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By reinforcing synergies with other space technologies and working with all the Member States, while creating a favourable ecosystem, the impact of the space sector on economic growth in Europe will expand and create more jobs, according to European GNSS Agency (GSA) Acting Executive Director Pascal Claudel.

The 2nd Earth Observation Summit was held online on 2-3 June, providing an opportunity to underline how the different components of the EU Space programme are creating value by building applications together.

“The space sector is of strategic importance to the Union. In the last decade, space related sectors grew twice as fast as the global economy. Europe has historically been on the forefront, investing greatly in space infrastructure such as Copernicus, Galileo and EGNOS. We are proud of these successful investments which are now the foundations and enablers for new applications and businesses. Indeed, space has a multiplier effect in terms of investment and the EU is well placed to capitalize on its strong space industry since more than 10% of the overall EU economy depends on space related services. Relevant technologies generate opportunities for job creation based on new skills, skills of the future,” said Ms Blaženka Divjak, Croatian Minister of Science and Education during her opening of the Summit.

Underlining this need for economic development based on innovative approaches, Timo Pesonen, Director General of the European Commission’s Directorate-General for Defence Industry and Space (DG DEFIS), confirmed: “New products, new satellite missions and new technology, especially digital, like Artificial Intelligence, Quantum technology, and high-performance computing are essential, to keep our industry competitive.” 

The headquarters of the European Global Navigation Satellite Systems Agency in Prague © JiriMatejicek/Wikicommons

Pascal Claudel, GSA Acting Executive Director, said that synergies between all the EU’s Space Programmes are key to increasing the space sector’s presence with EU-ready market products in all market segments. “This will contribute to the growth of our SMEs and start-ups through innovative solutions,” he said.

Space for a twin transition to a Green and Digital Europe

Timo Pesonen also cited the European Green Deal as a prime example of a political answer to global challenges. “An ambitious space programme, as the Commission proposes, will contribute to Europe’s digital and green transitions, to strengthening our resilience and strategic autonomy, and in turn our potential to innovate for the future,” he said.

In its operational role of ensuring that European companies are getting the best out of the EU satellite navigation systems, the GSA confirmed that significant new markets are coming, such as autonomous vehicles, cars and drones, or applications for smart mobility and smart cities. These will play a crucial role also for the European Green Deal. “To win parts of these markets, we need to have a performant EU entrepreneurship ecosystem and the involvement of all EU Member States. We have to gather our forces and our competencies,” the GSA Acting Executive Director said.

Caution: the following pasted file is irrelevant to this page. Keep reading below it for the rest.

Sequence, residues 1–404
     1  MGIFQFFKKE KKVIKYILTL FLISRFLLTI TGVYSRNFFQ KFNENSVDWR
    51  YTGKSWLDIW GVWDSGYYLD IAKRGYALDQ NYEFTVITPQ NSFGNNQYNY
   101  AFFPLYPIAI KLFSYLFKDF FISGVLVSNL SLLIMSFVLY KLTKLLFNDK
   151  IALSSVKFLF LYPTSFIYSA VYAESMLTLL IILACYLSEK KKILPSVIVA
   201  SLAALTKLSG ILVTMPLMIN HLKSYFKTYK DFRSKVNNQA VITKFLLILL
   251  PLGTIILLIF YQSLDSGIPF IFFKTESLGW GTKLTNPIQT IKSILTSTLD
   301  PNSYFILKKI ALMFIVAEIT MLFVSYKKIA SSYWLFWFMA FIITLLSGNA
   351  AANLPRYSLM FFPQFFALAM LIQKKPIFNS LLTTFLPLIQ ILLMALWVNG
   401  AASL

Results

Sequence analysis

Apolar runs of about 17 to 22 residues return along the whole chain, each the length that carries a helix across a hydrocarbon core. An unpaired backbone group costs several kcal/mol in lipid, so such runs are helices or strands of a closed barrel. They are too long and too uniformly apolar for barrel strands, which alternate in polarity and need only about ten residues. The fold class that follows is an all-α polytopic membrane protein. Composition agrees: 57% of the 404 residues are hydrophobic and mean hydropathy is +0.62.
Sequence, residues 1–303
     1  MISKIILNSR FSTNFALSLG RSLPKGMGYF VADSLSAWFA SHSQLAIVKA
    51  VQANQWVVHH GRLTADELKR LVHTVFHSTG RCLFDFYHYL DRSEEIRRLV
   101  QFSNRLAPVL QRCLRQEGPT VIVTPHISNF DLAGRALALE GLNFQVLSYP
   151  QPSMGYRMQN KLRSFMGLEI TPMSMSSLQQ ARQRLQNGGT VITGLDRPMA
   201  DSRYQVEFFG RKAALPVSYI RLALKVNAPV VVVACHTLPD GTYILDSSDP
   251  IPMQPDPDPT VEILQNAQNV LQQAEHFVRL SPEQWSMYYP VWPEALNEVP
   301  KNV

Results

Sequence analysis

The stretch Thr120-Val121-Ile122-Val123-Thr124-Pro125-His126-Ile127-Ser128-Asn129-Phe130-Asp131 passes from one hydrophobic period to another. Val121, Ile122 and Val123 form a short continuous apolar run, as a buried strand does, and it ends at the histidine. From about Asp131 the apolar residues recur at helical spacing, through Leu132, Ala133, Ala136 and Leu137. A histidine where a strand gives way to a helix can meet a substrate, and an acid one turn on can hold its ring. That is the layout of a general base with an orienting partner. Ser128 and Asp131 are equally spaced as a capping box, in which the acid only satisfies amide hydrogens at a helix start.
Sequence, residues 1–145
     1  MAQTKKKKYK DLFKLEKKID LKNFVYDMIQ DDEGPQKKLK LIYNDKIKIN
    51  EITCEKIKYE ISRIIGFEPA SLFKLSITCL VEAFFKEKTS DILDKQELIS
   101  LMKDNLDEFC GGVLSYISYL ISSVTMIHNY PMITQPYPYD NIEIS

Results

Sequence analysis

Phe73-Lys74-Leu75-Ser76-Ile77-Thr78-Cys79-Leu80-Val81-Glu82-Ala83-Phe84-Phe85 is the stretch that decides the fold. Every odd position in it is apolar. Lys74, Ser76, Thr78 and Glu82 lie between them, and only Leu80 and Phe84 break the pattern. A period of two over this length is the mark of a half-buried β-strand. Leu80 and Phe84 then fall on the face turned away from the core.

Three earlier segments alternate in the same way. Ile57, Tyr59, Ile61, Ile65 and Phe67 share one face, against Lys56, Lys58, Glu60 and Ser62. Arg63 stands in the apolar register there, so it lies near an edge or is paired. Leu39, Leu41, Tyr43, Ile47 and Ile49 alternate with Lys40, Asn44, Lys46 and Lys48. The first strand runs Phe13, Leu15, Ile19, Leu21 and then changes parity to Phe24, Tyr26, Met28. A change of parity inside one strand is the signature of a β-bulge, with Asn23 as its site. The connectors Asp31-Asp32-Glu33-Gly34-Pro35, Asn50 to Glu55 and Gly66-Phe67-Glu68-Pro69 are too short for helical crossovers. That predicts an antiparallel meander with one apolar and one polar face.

Indeed, EU Member States do not need to have specific competences in space technologies or a strong space sector to use space data and develop applications. The development of the Galileo Green Lane app, managed by the GSA, was led by traditional start-ups and SMEs. This app makes it possible to ease the transit of critical goods at borders within the EU. So, every Member State has the capacity to be an actor on these markets and to develop its own entrepreneurship.

The GSA also noted that EGNSS (Galileo and EGNOS) is a federator, making it possible to manage EU traffic, and maritime, inland waterway and rail transport. “We can federate all national traffic management systems towards a unique one,” Claudel said.

Future funding

Speaking at a summit session on funding opportunities, Marta Krywanis, Head of Downstream R&D in the GSA Market Development Department, explained that research and development play a key role in the innovation process. “R&D is an investment in technology and future capabilities that can be transformed into new products, processes and services,” she said.

Krywanis explained that for years the GSA has applied a market-oriented approach to innovation in downstream applications. “This has proven to be a major factor in the market uptake of EGNOS and Galileo. The successful implementation of the Fundamental Elements and H2020 programmes have led to the creation of a portfolio of products and advanced prototypes,” she said.

With the Galileo system as operational and with the new version of EGNOS to be deployed, the primary goal will be to establish European GNSS as the leader in those markets and sectors that best benefit the unique differentiators of the systems. Krywanis noted that, towards this goal, the GSA had consulted with stakeholders and produced a report on proposed European GNSS (EGNSS) downstream funding priorities and tools for the years 2021-2027.

Illustration of the Galileo FOC spacecraft © OHB System

“We believe that R&D focused on EGNSS and its synergies with Copernicus and GovSatCom, for example, will bring many innovations and will contribute to more competitive industry and a greater number of products made in the EU,” she said.

Source: European GNSS Agency (GSA)

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